11 Apr
2009

Vinitaly: The World We Love

Vinitaly LogoWhat happens when 45,000 professionals representing 4,200 exhibitors of Italian (mostly) wine and spirits meet up with more than 150,000 wine and food lovers for a five day bacchanal in a city that is the very symbol of romance? The answer—almost anything! This year’s Vinitaly show (held April 2-6 in Verona) was entitled “The World We Love”. Well, as they say, what happens in Verona stays in Verona, except what I (and about 2,400 other journalists from 50 countries) caught on camera. Of course, I can’t share everything on the Internet—after all, I promised. Naturally, I was hard at work the entire time. It’s a dirty job, but someone has to do it.

I hadn’t made plans to attend the Vinitaly show. It was only a week prior to the show, as I was setting up meetings to take place in my absence at Vinitaly between some Italian winemakers and a US importer, that I received the call. “Hey, I was thinking, Rich, why don’t you come to Vinitaly with us?” That was all it took to convince me and get my instincts to kick in. Ten minutes later, my flights were booked. Arriving in Milan on a rainy morning one week later, our group spent the first two days eating and drinking our way through a good chunk of Lombardia and a heavenly piece of Piemonte until we finally nested in the picturesque town of Bardolino on Lago di Garda, a mere 30–45 minute drive to Verona. Not a bad command post for our planned attack.

I don’t sleep much on planes, and the group I was with (a mix of Americans and Italians) doesn’t sleep much while in Italy (read: party time), so we were well into the swing of things when we arrived at Vinitaly on the second day of the show. The weather had cleared, so I took a long walk along Lake Garda early that morning to try to work off the wonderful dinner from the night before (which lasted until the wee hours of the morning), not remembering that you do a lot of walking at the show anyway. Vinitaly is the largest international wine exhibition in the world. There are about a dozen large convention hall buildings at the Verona Fiere (the show site), each representing one or more regions of Italy and housing about 91,000 square meters (about 980,000 square feet) of exhibition booths welcoming everyone to stop and taste from 9:30 a.m. to 6:30 p.m. daily (not counting the various conferences going on at the same time).
 
Early Morning on Lake Garda
 
You need to choose a region to start you off (Toscana, for example) and work your way along. Italy is about relationships, so you stop and chat and swirl and sniff and sip and swish and, if you want to actually taste the wines and make it through the day, you spit (in a spit bucket, of course). Yet, you know you’ll never get through everything at the show, so you need to choose your stops with some care.

We attended the show on Friday, Saturday afternoon and Sunday (we spent Saturday morning at the nearby Vini Veri Vino Vino Vino 2009 show featuring organic wines and food, but that’s material for a future post). Over the course of the three days, I recorded notes on about 200 different wines and had a great time. The people are wonderful and most of the wines are pretty good—and many of them are very, very good. (A lot of them aren’t available in the US, but hopefully some of them will be in the near future if the economics work out and if US distributors can see past the broader consumer market).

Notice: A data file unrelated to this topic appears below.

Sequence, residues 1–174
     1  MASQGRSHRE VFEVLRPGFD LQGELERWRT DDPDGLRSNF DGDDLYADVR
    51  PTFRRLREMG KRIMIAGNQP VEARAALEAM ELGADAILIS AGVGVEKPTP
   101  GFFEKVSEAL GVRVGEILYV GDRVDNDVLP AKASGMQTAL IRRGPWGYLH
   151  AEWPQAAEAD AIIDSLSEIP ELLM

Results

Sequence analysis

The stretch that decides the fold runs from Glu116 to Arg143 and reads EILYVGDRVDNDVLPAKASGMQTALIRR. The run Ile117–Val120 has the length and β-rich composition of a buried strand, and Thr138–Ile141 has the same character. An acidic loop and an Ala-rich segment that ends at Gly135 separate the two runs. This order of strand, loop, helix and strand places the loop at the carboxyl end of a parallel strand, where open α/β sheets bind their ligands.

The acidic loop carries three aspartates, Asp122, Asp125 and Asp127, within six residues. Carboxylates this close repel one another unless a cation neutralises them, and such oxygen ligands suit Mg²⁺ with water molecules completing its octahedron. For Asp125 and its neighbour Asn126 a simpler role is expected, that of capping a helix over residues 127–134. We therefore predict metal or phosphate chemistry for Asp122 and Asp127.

You don’t need to worry about stopping for lunch at Vinitaly because there’s a lot of excellent food (salumi, cheese, bread, fruit, vegetables) served as you taste the wines—remember, most Italian wines are meant to be enjoyed with the food of their regions, so many wineries use local foods to complement their wines—but you need to leave room for a long and leisurely dinner with friends each night and a lot of fine wine (and, at dinner, you definitely swallow the wine) and aged grappa. Then, off to bed for a few hours sleep before starting all over again. What a country!

On Monday morning, April 6th, we departed Lake Garda en route to Tuscany for two final days of winery tours and tastings. Earlier that morning, the terrible earthquake had rocked the area around L’Aquila, the capital of the Abruzzo region, about 120 kilometers (50 miles) northeast of Rome and close to the quake’s epicenter. While we didn’t feel the quake up near Verona, we shared the concern of everyone else around the world as the news of damage and death developed during the days to come. We saw firsthand how much the Italian people appreciated the concern and support expressed worldwide.

In upcoming posts, I’ll give the details of some of the wine, winery, food and lodging discoveries I made throughout the trip. For now, however, I’ll leave you with a little video and pictorial composition to whet your appetite. Ciao for now!

 

 



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